Shaheen: We Should Examine Iran Nuclear Deal Closely, Not Be Misled By 'Red Herrings'
President Obama says all of Iran's pathways to a nuclear weapon are cut off under a landmark agreement announced today.
The agreement requires Iran to remove two-thirds of its centrifuges and get rid of 98 percent of its stockpile of uranium. In exchange, Iran will receive relief from sanctions that have put an enormous strain on that country. Now, President Obama is seeking approval from Congress, which has just begun a 60-day review of the deal.
New Hampshire Sen. Jeanne Shaheen joins us to discuss the deal.
Congress now has 60 days to take a look at this deal. Where do you stand on this?
Well, I think it's very important for me and for Congress to take the time that we have to carefully go over this agreement. You know, we're at day one. It's hard for me to understand how people can - without having looked at the agreement - decide whether they're for it or against it. So, I think the important thing here is that we keep Iran from getting a nuclear weapon.
I think diplomacy is a much better way to do that than going to war, and I want to have a chance to look through this deal very carefully and see the verification mechanisms that are in it. I want to hear from the IAEA for how they're looking at verification. I want to make sure that we know what's going to happen with the sanctions snap-back, so what happens if Iran doesn't fulfill their part of the agreement, how will then the sanctions goes back into place. There are multiple aspects of the deal that we need to examine very closely and I hope that Congress will take the time to do that.
So the deal is for a 15-year period. Lots of folks are saying that it's great for this 15 years but what happens after then? You said a concern of yours would be preventing some kind of nuclear war. Is it good enough for you to prevent it for just a 15-year period assuming that's what this would do?
Well, there are certain aspects of it that are 10 years, there are some provisions that deal with 15 years, and there are some that are indefinite. So, one of the things that we will be able to do is to address the whole Iranian nuclear program from research to looking at the supply chain required for a nuclear weapon and so I think we need to look at all of those. But look, the fact is, we're going to know more about the Iranian nuclear program as a result of the agreement than we know now. And so we're going to be in a better position to respond to that. And at the end of whatever period that the agreement takes, we still have the options that we have now, to take military action.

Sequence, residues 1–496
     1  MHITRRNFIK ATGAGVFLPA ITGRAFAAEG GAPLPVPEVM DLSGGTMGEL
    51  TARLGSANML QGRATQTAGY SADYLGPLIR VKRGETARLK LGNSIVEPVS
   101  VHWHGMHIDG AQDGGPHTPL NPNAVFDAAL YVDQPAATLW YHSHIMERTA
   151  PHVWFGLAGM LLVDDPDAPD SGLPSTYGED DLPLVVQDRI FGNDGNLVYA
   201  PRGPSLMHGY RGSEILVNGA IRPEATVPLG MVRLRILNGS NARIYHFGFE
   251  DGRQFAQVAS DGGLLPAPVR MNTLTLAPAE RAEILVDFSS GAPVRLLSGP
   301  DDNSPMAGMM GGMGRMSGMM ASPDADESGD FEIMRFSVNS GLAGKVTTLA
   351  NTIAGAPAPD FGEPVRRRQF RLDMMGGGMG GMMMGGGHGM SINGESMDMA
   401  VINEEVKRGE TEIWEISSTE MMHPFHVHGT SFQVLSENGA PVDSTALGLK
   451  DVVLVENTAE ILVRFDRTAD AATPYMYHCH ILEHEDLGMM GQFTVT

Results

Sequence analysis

The fact is, this was a negotiated agreement with our international allies, and we need to stay unified with them because one of the reasons those sanctions worked and were so binding was because our European allies were a part of that effort.
So am I hearing that you will indeed support this?
No. As I said to you, I want to have a chance to look at it very carefully. But I think we should not be misled by red herrings that are put out there about potential options. The fact is, I think a negotiated option, if it gets us to where we want to go, is the better option than a military option. And I'm going to look very carefully at this agreement to see how it deals with verification, how it deals with limiting Iran's path to a nuclear weapon. We have heard that it cuts off all those pathways to a nuclear weapons. Well, I want to the chance to look at it very carefully and see if it does that.
The deal includes lifting sanctions based on Iran's nuclear activities, but it doesn't lift sanctions that were put in place because of human rights abuses or because of state-sponsored terrorism. Should this agreement have addressed those sanctions in some way?
I think we need to continue to take every action that we can to address Iran's human rights abuses, to address their efforts to promote terrorism in places around the world, but we know that these negotiations were limited to their nuclear program. I think we need to look at the deal based on what the mission was, which was to limit their nuclear program and ensure that they didn't get a bomb.
Throughout nearly two years of talks, US officials have said that, "No deal is better than a bad deal." Do you believe that's the case?
Well again, I'm going to look at this agreement very carefully and look forward to having the chance to do that in the Foreign Relations Committee and also in the Armed Services Committee, and having a chance to question objective, independent experts to get their take on it. So, I think we're at the beginning of this process and I look forward to getting as much information as I can.
When the sanctions are lifted, Iran will have access to billions of dollars in assets, and they'll also gain much more revenue from exports that they haven't been able to export during the sanctions. Are you concerned about what a wealthy Iran could do after this 15 year agreement ends?
You know, I'm concerned about Iran and about any country in the world that promotes terrorism. But the fact is, they're going to have to take certain actions as I understand the agreement in order to have the sanctions relief that they are looking for, and if they don't perform as they've agreed to in the negotiations, then it's my understanding that those sanctions are going to snap back into place and that's one of the things I'm interested in looking at as we're studying agreement. I think that again, we need to take the time, we need to look carefully at this agreement, and make a decision based on what's in it.